Although Web forms and Internet server logs can be used in ways that pose significant threats to the privacy of Internet users, it is worth noting that neither of these two technologies is unique to the Internet since the development and use of both technologies predates the Internet era. However, the scale on which dataveillance and data gathering can be now be carried out has increased dramatically because of the use of forms- and server-log technologies on the Internet.

4.2 Data-Exchanging and Data-Mining Activities on the Internet

Whereas the dataveillance and data-gathering tools described in the preceding section are used mainly to monitor and record activities of online users, other tools are used to exchange that data on the Internet. This exchange of online personal information often involves the sale of personal data to third parties, which has resulted in commercial profits for certain online entrepreneurs, often without the knowledge and consent of individuals about whom the data is exchanged.

Techniques for exchanging personal data online are hardly new to the Internet. Data-exchange techniques such as the merging and matching of electronic records stored in databases occurred before the Internet era (see, Tavani, 1996). However, Internet technology has facilitated the exchange of online personal information at a rate that was not possible in the pre-Internet era. In response to earlier data-exchange practices involving computer networks, certain privacy laws and data-protection guidelines have been enacted and implemented. These laws and principles, which specifically address the exchange of personal information between databases in computer networks, would also seem by extension to apply to the exchange of personal data on the Internet as well.
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Although earlier privacy issues involving the exchange of personal information in databases have centered mainly on the transfer of such information between databases in computer networks, some recent privacy concerns have emerged because of the kind of personal information that can now be extracted or "mined" from within a single database. These concerns arise from certain technique commonly referred to as data mining. Data-mining technology, which combines research in artificial intelligence (AI) and pattern recognition, is defined by Cavoukian (1998) as a "set of automated techniques used to extract buried or previously unknown pieces of information from large databases." Using data-mining techniques, it is possible to unearth patterns and relationships, which were previously unknown, and to use this "new" information -- i.e., new "facts" and relationships in the data -- to make decisions and forecasts. Through the use of data-mining algorithms, individual pieces of data about an online user's activities, which in themselves might seem innocuous, can be recorded, combined, and recombined in ways to construct profiles of individuals. As a result of data-mining applications, an individual might eventually discover that he or she belongs to some consumer category or some risk group, the existence of which he or she had been previously unaware.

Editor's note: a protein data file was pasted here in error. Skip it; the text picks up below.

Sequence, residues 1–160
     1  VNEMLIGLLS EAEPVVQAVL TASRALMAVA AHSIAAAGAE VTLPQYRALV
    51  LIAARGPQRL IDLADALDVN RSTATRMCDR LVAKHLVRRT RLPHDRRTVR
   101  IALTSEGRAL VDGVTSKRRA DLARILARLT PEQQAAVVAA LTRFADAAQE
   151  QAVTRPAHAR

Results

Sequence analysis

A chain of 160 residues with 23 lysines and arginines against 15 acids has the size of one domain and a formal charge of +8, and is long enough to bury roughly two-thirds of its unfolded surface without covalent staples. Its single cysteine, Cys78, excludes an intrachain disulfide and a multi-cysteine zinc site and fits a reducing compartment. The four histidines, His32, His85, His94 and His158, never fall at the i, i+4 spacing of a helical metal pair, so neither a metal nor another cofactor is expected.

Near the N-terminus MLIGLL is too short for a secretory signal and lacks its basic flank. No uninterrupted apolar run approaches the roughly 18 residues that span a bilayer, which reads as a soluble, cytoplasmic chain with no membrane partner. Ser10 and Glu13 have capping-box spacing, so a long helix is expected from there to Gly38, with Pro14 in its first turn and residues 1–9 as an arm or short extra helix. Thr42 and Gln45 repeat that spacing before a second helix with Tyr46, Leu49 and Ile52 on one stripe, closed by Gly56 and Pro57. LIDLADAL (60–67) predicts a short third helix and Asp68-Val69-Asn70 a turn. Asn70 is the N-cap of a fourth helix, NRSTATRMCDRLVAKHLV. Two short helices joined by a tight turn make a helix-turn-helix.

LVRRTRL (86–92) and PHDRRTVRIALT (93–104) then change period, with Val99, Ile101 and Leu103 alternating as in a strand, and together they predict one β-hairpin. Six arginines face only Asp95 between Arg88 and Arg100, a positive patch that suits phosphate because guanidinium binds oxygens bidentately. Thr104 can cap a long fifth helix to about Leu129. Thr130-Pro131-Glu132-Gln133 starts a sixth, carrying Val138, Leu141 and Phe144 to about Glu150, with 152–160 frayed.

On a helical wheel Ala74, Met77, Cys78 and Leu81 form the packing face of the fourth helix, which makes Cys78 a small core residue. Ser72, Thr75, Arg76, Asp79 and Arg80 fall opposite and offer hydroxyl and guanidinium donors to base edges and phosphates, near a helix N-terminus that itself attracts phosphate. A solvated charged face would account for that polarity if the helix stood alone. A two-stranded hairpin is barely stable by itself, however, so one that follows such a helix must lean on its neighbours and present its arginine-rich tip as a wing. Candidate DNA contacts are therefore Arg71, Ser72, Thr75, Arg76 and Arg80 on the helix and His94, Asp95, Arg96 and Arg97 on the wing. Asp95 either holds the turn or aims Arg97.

The mining of personal data in the pre-Internet era, which depended on the use of large commercial databases called data warehouses to store the data, focused mainly on transactional information. Personal data mined from the Internet, however, need not be (and frequently is not) transactional. For example, information typically included in and mined from personal Web pages, as well as noncommercial Web sites, is nontransactional. Because of Internet commerce, however, much transactional information can now also be gained from the Web as well. When an individual orders a book from Amazon.com (an online book store), for instance, transactional information is recorded about the purchase, and information about that particular transaction can be (and frequently is) used for future business decisions. What distinguishes the Internet as a mining resource from the large databases or data warehouses used in data mining, however, is the vast amount of nontransactional, personal information currently available for mining on the Internet.

Cavoukian (1998), who points out that one of the purposes of data mining is to "map the unexplored terrain of the Internet," notes that the Internet is becoming an "emerging frontier for data mining." She also notes that with access to an Internet server, it is possible to FTP (file transfer protocol) the data from the client's server and then conduct various data mining activities. Fulda (1998) points out that because data-mining software employs certain AI techniques, it can "learn" about the Web by coming to understand the content associated with common HTML tags. Eisenberg (1996) notes that intelligent agents can "sift through" the potential wealth of data on the Internet, and Etzioni (1996) describes the use of "learning techniques" or systems such as softbots (intelligent software robots or agents that use tools on a person's behalf) and metasearch engines (such as MetaCrawler and Ahoy) to uncover general patterns at individual Web sites and across multiple Web sites. So data-mining techniques that previously raised privacy concerns only at the database or data-warehouse level now raise concerns on the Internet as well.